At the end of the neurula stage (subdivided into; early neurula (N1), mid neurula (N2), and late neurula (N3) stages) the first signs of pharyngeal enlargement are observed (Hirakow and Kajita, 1994). From this moment the embryo enters into the so-called premouth stage, which is characterized by the development of structures such as the pharynx, mouth and digestive tube. Once these structures are developed the larval stage begins. The planktonic larvae remain growing and adding new somites at the posterior part and gill slits in the pharyngeal region. The number of gill slits that are formed before metamorphosis is different for each amphioxus species, but in the case of B. lanceolatum metamorphosis occurs after the formation of 13-15 gill slits which takes between 2-3 months. During the larval stage, the gill slits are formed asymmetrycally as well as other body structures. Thus the mouth is placed on the left side of the pharynx and the gill slits on the right ventro-lateral side. Moreover, the left-side somites are positioned more rostrally (half-somite) than the right-side somites. Finally, during the metamorphosis, the mouth gets positioned rostrally. The gill slits are duplicated into two rows in a first time, and then one of these rows migrates to the left side. Moreover, the metapleural folds develop and cover the pharynx forming the atrium. The intestine gets also regionalized and the hepatic caecum is formed (Figure 13).
Figure 13. Embryonic development and metamorphosis of amphioxus. Photographs of the most representative embryonic and larval stages of amphioxus are presented (B. lanceolatum). The embryos were grown at 19°C. (A-C) Early stages of development including gastrula stage. (D-F) Neurulation stages. (G-J) Larval stages. Scale bar 50 μm. Modified from (Bertrand and Escriva, 2011).

Amphioxus as an Animal Model in EVO-DEVO

Amphioxus has always been considered a fascinating animal model for answering evolutionary questions. Thus, with the recent phylogenetic data, amphioxus is now occupying an interesting phylogenetic position as the most basally divergent group among chordates (Delsuc et al., 2006). Moreover, fossil records dating from 520 million years ago (Pikaia gracilens from the middle Cambrian found in Burges Shale, and fossil records from the lower Cambrian, in particular Yunnanozoon, Haikouichthys and Myllokunmingia found in Chengjiang, China) show morphological characteristics (Figure 14) that could be considered similar to those harbored by amphioxus (Figure 8). Even if the phylogenetic position of some fossil records is still controversial, it is likely that the ancestor of all chordates possessed an amphioxus-like body-plan, making amphioxus the only living animal with a high resemblance to the hypothetical chordate ancestor.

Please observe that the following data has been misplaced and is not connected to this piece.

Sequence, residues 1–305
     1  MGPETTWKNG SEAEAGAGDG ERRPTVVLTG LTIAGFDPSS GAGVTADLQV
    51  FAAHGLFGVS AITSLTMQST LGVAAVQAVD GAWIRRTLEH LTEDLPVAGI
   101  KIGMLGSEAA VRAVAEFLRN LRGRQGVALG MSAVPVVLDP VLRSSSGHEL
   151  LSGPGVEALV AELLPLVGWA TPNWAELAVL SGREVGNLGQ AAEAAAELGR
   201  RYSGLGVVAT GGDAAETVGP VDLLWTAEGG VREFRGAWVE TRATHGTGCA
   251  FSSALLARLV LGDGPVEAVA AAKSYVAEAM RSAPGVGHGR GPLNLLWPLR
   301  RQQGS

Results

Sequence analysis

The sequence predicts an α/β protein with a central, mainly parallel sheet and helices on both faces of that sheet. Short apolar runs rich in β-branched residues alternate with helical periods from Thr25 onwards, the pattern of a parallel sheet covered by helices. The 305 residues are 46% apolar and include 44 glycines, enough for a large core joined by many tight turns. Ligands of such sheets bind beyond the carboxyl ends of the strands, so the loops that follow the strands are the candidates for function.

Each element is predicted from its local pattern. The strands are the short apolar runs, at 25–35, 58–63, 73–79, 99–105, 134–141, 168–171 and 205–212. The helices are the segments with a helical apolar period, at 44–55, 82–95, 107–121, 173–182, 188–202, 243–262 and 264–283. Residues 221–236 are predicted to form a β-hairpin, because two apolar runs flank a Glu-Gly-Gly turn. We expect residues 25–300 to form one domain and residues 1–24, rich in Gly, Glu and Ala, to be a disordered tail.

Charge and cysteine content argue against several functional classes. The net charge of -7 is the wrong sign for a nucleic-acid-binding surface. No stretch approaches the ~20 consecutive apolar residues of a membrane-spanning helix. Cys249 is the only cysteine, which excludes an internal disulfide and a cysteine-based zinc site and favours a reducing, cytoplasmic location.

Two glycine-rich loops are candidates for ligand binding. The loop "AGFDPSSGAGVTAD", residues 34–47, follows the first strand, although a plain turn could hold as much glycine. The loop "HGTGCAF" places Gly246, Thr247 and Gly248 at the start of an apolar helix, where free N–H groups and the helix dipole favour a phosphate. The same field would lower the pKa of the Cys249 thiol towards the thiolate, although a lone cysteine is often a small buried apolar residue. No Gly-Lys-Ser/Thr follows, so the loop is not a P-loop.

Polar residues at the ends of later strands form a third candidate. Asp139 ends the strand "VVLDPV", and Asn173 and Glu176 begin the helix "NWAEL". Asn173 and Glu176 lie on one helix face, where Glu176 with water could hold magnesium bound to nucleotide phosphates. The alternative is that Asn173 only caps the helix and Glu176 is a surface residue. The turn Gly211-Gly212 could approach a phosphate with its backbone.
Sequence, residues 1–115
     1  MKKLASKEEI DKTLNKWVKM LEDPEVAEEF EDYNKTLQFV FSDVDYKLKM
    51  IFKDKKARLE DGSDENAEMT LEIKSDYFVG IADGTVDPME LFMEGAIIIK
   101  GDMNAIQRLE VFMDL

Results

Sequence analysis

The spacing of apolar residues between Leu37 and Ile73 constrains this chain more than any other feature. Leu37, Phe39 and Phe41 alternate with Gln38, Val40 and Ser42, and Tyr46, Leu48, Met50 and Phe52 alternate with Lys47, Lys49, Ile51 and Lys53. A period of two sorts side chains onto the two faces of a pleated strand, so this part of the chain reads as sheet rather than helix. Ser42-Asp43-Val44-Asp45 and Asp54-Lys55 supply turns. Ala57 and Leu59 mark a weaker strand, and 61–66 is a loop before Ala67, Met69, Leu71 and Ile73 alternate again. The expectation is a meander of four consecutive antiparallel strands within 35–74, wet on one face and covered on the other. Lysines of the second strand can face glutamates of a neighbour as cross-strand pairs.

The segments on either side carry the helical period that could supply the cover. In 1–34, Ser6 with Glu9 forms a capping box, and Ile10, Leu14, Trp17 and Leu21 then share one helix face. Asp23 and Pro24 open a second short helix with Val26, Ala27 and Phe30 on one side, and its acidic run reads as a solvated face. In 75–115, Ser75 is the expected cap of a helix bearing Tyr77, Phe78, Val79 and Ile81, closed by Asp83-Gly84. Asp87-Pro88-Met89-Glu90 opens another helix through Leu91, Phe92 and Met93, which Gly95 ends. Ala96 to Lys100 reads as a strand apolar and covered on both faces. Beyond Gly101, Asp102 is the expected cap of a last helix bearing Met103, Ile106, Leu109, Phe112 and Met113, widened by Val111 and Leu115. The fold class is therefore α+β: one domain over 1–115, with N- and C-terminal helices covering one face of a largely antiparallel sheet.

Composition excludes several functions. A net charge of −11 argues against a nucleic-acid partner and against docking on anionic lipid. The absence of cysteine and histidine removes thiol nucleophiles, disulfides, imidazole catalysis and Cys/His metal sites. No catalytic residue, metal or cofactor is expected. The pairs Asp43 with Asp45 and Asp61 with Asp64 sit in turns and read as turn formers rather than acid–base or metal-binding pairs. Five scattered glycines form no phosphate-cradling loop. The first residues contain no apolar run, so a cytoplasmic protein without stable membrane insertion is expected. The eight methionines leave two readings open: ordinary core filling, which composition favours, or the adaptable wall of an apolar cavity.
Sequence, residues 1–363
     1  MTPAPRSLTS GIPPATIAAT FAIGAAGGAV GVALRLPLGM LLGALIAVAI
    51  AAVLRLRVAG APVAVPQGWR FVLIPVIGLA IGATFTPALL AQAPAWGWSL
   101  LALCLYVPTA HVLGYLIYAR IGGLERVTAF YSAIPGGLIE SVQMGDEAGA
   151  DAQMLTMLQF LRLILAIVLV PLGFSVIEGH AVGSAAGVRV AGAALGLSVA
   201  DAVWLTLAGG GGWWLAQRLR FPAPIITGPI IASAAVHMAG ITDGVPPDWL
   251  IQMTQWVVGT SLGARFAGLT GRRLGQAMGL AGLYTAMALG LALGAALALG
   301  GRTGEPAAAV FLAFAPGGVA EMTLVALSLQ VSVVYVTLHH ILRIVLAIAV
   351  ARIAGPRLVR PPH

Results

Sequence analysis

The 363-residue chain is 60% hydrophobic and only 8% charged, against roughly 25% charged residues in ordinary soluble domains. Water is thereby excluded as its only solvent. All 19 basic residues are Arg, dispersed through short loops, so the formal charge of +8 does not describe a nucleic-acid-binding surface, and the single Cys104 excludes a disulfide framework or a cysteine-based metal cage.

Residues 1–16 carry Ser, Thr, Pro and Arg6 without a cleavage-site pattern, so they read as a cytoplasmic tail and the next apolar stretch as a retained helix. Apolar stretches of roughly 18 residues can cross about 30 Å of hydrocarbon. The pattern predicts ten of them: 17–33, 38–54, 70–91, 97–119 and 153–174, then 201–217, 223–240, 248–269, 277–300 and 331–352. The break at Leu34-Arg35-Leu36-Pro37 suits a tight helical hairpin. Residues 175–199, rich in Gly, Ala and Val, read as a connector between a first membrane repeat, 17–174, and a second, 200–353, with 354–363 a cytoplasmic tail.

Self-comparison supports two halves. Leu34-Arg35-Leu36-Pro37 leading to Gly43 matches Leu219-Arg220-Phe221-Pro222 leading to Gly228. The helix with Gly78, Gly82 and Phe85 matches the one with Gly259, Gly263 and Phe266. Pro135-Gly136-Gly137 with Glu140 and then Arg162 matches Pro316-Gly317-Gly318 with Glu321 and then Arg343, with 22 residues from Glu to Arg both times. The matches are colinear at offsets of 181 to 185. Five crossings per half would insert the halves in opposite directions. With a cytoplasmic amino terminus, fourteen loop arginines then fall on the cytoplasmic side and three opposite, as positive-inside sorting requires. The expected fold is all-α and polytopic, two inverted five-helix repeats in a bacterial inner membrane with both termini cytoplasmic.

Figure 14. Fossil records from the Cambrian. (A) Yunnanozoon livium, found in 1984 in Chengjiang in China. (B) Haikouella lanceolata, collection from professor Jun Yuan Chen. Scale bar: 1 cm, modified from (Bertrand et al., 2007). (C) Pikaia gracilens found in Burges Shale in Canada, modified from (Long, 1995).
During the last decades the advances in whole genome analyses showed that amphioxus possess a “simple” genome (Putnam et al., 2008). Thus, as it was proposed by Ohno (Ohno, 1970), and confirmed later by Dehal et al. (Dehal and Boore, 2005) two rounds of whole genome duplications occurred during the evolutionary history of vertebrates (three in teleosts) (Figure 9) (Jaillon et al., 2004; Meyer and Schartl, 1999; Taylor et al., 2003)). What still remains controversial is the precise timing of these duplications. In any case, the duplications happened after the divergence of cephalochordates and urochordates (Putnam et al., 2008) and before the divergence of chondrichtyans (Robinson-Rechavi et al., 2004). Unfortunately, the complete genome sequence of a key animal to understand genome duplications in vertebrates, the lamprey, was not able to completely demonstrate the exact timing of the two rounds of genome duplications, even if it was suggested that both occurred before the cyclostomes divergence (Smith et al., 2013). An example of the result of the whole genome duplications is represented by the Hox clusters in vertebrates. Thus, there is a unique Hox cluster in amphioxus (Garcia-Fernandez and Holland, 1994) compared to four clusters in mammals, and for each specific Hox gene in amphioxus there are between one and four Hox orthologue genes in most vertebrates (Figure 15). Nevertheless, as any other animal, amphioxus has its own evolutionary history and possesses 15 Hox genes instead of the 14 assumed to have been present in the chordate ancestor, suggesting that a specific duplication of one Hox gene occurred in amphioxus (Holland et al., 2008a). The fact that amphioxus possess a “simple” genome represents an advantage to understand the evolution of the function of different signalling pathways. For instance in amphioxus there is only one FGF receptor and 8 ligands compared with the four FGF receptors and 22 ligands in vertebrates (Oulion et al., 2012b). The simple inhibition of the FGF receptor in amphioxus can show us its direct role during the embryonic development of amphioxus (Bertrand et al., 2011). On the contrary, in vertebrates, the multiple FGF receptors and ligands makes more complicated the interpretation of the results of their inhibition during development.